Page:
EVERYBODY is worried about the mental health of our teens and children. As always, when problems for teens arise, suggestions flood in, expecting schools to address them: the bullying, vaping, poor diets, pornography, knife crime, drugs, physical fitness – the list is unending, but we cannot keep dumping this on our teachers. The NHS to is accused of failing in its duty of care for mental health.

As a youth worker with 50 years’ experience, I don’t think we are looking hard enough at the cause of these problems.

If we listen to our teens, they tell us that they are bored and have nothing to do. They are right, there is nothing for them to do in many communities, especially those of high deprivation. The youth clubs, and places for children to just hang out and be kids, have vanished in the last 20 years. The closing of youth clubs and other safe meeting places for teens is because local authorities can no longer fund them. So we have abandoned our kids, leaving them to get on with it. Hanging about the streets, which can be dangerous.

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I was appointed the manager of the biggest youth centre in Scotland, the Key Youth Centre in East Kilbride. It was designed by young people, for young people, and had a management committee of young people, who chose me to be their manager. It had all of the sport and recreation facilities that were thought to be what kids wanted in the 1970s.

When I took over there were around 100 members, seven full-time staff and about 20 part-time staff. When I moved on five years later, there were 1200 members and about 30 youth groups and bands using it. A year year after me moving on, South Lanarkshire Council got rid of the youth management committee, and instead employed a couple of paid staff and a few part-timers. Power to young people had gone, as had most of the more difficult kids that part-time workers could not handle. The last time I visited it, I found very few staff and only around 100 members.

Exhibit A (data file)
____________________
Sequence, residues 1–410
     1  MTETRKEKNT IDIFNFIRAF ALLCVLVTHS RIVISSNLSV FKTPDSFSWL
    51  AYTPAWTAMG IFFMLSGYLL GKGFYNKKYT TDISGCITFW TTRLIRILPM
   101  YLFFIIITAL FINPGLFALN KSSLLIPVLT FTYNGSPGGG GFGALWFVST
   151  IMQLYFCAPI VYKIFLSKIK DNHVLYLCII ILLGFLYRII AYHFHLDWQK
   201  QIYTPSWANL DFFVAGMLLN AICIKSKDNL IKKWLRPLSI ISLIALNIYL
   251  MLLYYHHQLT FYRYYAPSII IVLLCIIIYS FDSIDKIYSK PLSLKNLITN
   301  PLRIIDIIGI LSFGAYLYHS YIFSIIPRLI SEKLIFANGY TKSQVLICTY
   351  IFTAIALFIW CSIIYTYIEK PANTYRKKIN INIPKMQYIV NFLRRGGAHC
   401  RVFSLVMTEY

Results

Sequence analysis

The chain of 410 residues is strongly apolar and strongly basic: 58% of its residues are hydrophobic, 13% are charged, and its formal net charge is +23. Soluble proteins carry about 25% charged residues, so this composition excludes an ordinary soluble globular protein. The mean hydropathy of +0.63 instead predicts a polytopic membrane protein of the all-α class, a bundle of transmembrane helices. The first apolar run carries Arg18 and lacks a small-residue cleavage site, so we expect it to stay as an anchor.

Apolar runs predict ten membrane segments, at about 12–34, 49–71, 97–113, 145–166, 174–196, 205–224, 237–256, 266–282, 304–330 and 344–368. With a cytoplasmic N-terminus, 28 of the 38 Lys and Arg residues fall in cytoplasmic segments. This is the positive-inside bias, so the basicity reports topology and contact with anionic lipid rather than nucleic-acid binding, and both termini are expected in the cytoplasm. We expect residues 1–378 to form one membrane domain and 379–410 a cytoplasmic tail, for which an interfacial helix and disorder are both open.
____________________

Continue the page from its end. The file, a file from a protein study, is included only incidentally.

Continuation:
Apart from that example, I know that more than 400 youth projects in London have lost all of their funding. Mayor Khan is frantically seeking solutions to the child murders and stabbings. More money is thrown at the police to sort this out, but not at youth-empowering youth work.

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There is a much more dangerous problem nobody seems to have noticed. Not only have we all but abandoned our teens, we have allowed commercial enterprise to get in on the act, dipping into the pocket money of our kids to provide fancy new sport and leisure centres. Hundreds of kids and parents cannot afford the £50-£90 a month memberships. Sport is the dominating feature of these facilities and we all know that teenage girls are very seldom attracted to that. They, like most teens, just want a safe place to meet.

Even worse for our kids is the much more insidious billions to be made from our teens from mobile phones, gaming apps, gambling sites, pornography as the go-to route to sex education, and vaping. Parents worry about drug addiction, not realising that the addictions to mobile phones, social media, TikTok and the likes has massively damaging effects on teens as they go through the transition from childhood. Internet sites showing what girls’ bodies “should” look like, self-harm, how to commit suicide, are all undermining the mental health of millions of our teens.

We should all be appealing to our local authorities, our MSPs and MPa, about how wiping out funds for good youth work is one big mistake. Empowering our children and teens, by investing in services run by them, for them, is what we need to do. I have always wondered why it is that our elite university students have the right to own, manage and run their youth clubs – students unions – but we do not trust non-students to do the same.

Max Cruickshank